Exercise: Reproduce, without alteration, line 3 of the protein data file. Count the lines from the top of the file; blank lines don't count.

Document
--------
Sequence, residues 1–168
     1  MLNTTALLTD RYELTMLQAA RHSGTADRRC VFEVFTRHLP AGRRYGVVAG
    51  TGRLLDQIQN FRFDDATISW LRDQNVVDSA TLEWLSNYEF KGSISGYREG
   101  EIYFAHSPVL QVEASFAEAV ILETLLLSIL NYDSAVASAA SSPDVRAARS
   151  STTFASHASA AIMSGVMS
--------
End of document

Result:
    51  TGRLLDQIQN FRFDDATISW LRDQNVVDSA TLEWLSNYEF KGSISGYREG